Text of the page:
Instead of "collusion with Russia," will the mainstream media soon be buzzing about a potential war with Russia? The Trump administration and the Russian government are currently engaged in a very heated war of words regarding the deteriorating situation in Venezuela, and at this point it is difficult to see how this crisis will end well unless one side is willing to back down. The Russians are backing current president Nicolas Maduro, and as you will see below, they now have troops on the ground in the country. That absolutely infuriated President Trump, because it greatly complicated his plans for regime change in Venezuela. He told the press that Russia must "get out" and that "all options are open" as far as accomplishing that goal. In other words, President Trump is actually threatening Russia with military force if they refuse to pull their troops out of the country.
Of course the Russians are not going to do that. They have been strongly speaking out against the possibility of U.S. military intervention, and they seized the upper hand strategically when they were able to get boots on the ground in Venezuela over the weekend:
One flight tracking website shows two aircraft left a Russian military base for the Venezuelan capital, Caracas, on Friday, with a further jet leaving on Sunday.
The arrival of the military jets was confirmed by Javier Mayorca, an independent journalist, who said an Antonov-124 cargo plane and a smaller jet touched down late on Saturday.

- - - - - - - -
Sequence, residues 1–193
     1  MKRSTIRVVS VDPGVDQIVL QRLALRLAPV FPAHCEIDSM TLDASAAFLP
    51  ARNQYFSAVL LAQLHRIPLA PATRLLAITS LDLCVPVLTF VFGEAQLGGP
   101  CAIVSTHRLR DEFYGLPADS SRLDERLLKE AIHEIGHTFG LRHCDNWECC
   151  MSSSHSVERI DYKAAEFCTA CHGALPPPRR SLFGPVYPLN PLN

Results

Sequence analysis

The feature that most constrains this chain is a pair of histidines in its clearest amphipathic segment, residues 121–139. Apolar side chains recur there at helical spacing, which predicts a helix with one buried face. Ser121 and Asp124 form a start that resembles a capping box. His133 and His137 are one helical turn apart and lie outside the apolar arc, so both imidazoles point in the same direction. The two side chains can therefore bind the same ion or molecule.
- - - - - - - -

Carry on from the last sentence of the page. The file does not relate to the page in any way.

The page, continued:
He said approximately 100 soldiers—led by General Vasily Tonkoshkurov, who is head of the Mobilization Directorate of Russia's armed forces—[were] also seen, as well as 35 tons of equipment.
Having the backing of the Russian military greatly, greatly strengthens Maduro's position, and it is going to be much more difficult for the Trump administration to get rid of him now.
In recent public statements, Russian officials have made it exceedingly clear that they will not tolerate U.S. military intervention in Venezuela, and they underscored that point by sending in troops.
In response, U.S. Secretary of State Mike Pompeo is warning that the U.S. "will not stand idly by as Russia exacerbates tensions in Venezuela":